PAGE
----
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Building Strong Parent-Teacher Relationships

September 7, 2018

Parents are their child’s first and most  influential teachers. But who comes in at a close second? School teachers! When parents and teachers come together to support children, the results are inspiring.

 

As a teacher, I felt supported by parents who trusted me. Their trust empowered me to do my best teaching. These parents also knew that they could come to me with any information, questions, or suggestions. Because we had built a respectful relationship, we were able to communicate easily and solve problems together. The strength of our alliance allowed us join forces to support my students.

 

So how do you build a strong relationship with your child’s educator? Use these ideas to help.

 

  1. Trust. Teachers are trained professionals who want the best for your child. People go into teaching because they love to nurture kids and help them realize their potential. Every educator meets the needs of the many diverse learners in their classes on a daily basis. This perspective is helpful to keep in mind if you have concerns about what’s going on in your child’s classroom. Before voicing concern, take a moment to acknowledge the teacher’s training and experience. When you come from a place of understanding, educators will be more receptive to your feedback.

  2. Ask questions. Just because you are trying to build trust doesn’t mean you’ll always agree with teachers’ actions. As with any relationship, parent-teacher exchanges are vulnerable to miscommunications. Be sure to ask questions and approach your child’s classroom experience with curiosity. Word your inquiries so they give educators a chance to explain the reasoning behind their decisions (“Can you explain your thinking behind the class seating arrangement?”) rather than being accusatory (“Why do you have those kids sit in the back of the classroom when they’re just goofing off back there?”).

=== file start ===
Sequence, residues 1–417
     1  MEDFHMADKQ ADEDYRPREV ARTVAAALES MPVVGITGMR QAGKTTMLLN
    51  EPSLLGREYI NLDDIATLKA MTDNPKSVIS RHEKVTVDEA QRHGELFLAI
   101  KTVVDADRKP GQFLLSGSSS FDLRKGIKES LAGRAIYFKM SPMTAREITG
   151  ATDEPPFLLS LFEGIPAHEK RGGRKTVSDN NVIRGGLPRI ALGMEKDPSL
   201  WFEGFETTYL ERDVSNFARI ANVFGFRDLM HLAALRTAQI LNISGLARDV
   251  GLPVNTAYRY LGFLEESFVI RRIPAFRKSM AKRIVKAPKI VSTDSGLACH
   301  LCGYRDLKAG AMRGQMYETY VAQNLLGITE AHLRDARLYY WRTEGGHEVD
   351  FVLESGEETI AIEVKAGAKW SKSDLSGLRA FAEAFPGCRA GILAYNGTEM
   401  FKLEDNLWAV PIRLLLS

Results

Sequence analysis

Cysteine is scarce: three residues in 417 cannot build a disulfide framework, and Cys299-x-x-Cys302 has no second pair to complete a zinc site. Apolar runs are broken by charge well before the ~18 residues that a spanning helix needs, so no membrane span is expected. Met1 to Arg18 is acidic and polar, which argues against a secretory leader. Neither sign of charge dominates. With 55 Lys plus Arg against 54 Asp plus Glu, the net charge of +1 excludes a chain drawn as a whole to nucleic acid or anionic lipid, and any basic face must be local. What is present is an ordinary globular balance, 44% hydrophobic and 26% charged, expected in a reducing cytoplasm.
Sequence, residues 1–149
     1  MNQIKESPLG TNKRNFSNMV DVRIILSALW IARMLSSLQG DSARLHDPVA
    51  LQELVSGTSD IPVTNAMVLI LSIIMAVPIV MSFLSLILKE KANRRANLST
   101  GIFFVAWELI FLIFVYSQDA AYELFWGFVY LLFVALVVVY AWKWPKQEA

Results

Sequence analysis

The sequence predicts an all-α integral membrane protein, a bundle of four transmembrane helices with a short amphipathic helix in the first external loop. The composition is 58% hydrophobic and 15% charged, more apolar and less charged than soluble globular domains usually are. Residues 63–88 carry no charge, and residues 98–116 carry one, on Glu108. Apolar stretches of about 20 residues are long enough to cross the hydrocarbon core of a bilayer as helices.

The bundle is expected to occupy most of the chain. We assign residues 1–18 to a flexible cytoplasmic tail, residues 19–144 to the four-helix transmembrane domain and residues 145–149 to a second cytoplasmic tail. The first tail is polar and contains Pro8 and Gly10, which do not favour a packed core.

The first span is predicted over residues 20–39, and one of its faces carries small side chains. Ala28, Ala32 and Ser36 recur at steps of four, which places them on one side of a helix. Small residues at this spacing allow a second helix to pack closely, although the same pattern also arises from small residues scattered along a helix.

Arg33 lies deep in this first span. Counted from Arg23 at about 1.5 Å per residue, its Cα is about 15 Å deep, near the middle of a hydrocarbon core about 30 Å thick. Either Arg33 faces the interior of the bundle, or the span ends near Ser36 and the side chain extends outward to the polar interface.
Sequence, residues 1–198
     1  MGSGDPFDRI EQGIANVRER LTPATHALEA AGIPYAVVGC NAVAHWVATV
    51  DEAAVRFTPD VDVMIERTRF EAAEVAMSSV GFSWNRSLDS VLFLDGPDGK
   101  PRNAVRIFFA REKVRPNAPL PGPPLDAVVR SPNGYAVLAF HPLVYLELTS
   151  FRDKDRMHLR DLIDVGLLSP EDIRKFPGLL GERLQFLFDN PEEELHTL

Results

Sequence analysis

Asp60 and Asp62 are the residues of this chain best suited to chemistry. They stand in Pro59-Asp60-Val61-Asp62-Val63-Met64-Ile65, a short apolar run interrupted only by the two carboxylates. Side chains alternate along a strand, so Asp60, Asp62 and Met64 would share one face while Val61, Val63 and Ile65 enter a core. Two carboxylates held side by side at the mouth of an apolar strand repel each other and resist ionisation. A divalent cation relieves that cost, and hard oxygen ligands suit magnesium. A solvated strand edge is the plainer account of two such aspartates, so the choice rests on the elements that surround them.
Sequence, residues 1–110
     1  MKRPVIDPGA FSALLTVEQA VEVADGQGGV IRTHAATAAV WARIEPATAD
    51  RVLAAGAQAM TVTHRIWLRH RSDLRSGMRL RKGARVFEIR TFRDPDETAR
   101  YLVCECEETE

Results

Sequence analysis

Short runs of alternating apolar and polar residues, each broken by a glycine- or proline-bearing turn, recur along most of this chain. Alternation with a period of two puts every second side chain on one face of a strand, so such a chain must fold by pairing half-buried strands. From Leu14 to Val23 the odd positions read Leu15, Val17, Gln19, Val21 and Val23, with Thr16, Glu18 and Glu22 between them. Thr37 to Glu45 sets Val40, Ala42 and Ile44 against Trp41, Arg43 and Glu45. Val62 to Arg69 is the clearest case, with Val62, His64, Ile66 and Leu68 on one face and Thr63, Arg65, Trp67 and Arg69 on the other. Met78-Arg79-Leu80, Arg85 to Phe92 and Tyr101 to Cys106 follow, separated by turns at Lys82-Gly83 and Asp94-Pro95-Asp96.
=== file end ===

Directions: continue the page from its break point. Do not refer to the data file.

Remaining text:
3. Don’t believe everything you hear. It’s worrisome when your child comes home talking about how he was called names at school and the teacher just stood by letting it happen. However, before you go running into the classroom for a confrontation, take the time to consider what both sides of the story may be. Maybe the teacher talked with the other children away from your kid, or didn’t hear the conversation. Before you jump to conclusions, take a step back and ask your child’s educator about what happened. Voice your concerns, listen to the other side of the story, and work together to come up with a solution.

  4. Get to know each other. Guess what? Teachers have lives outside of school (shocking, I know). Embracing your child’s educator as a three-dimensional person with interests outside of the classroom can go a long way. Ask what happened over the weekend, about favorite hobbies, and about close family members. Don’t forget to share a bit about yourself too; relationships flourish as people get to know each other.

  5. Offer to help. Teachers have a job that is simultaneously incredibly hard and incredibly rewarding. One of the greatest ways to build a positive relationship is to offer to help your child’s educator. If it’s hard for you to make it into the classroom, see if there’s something you can do at home. Even if you’re not taken up on your offer, your efforts help build a collaborative spirit.

 

Above all, tell teachers that you’re thankful for them. Teaching can be exhausting, but words of appreciation go a long way to keep teachers inspired. When parent-teacher relationships flourish, the bridge from home to school strengthens and kids reap the rewards. Plus, who knows? Maybe you’ll make a friend while you’re at it.

 

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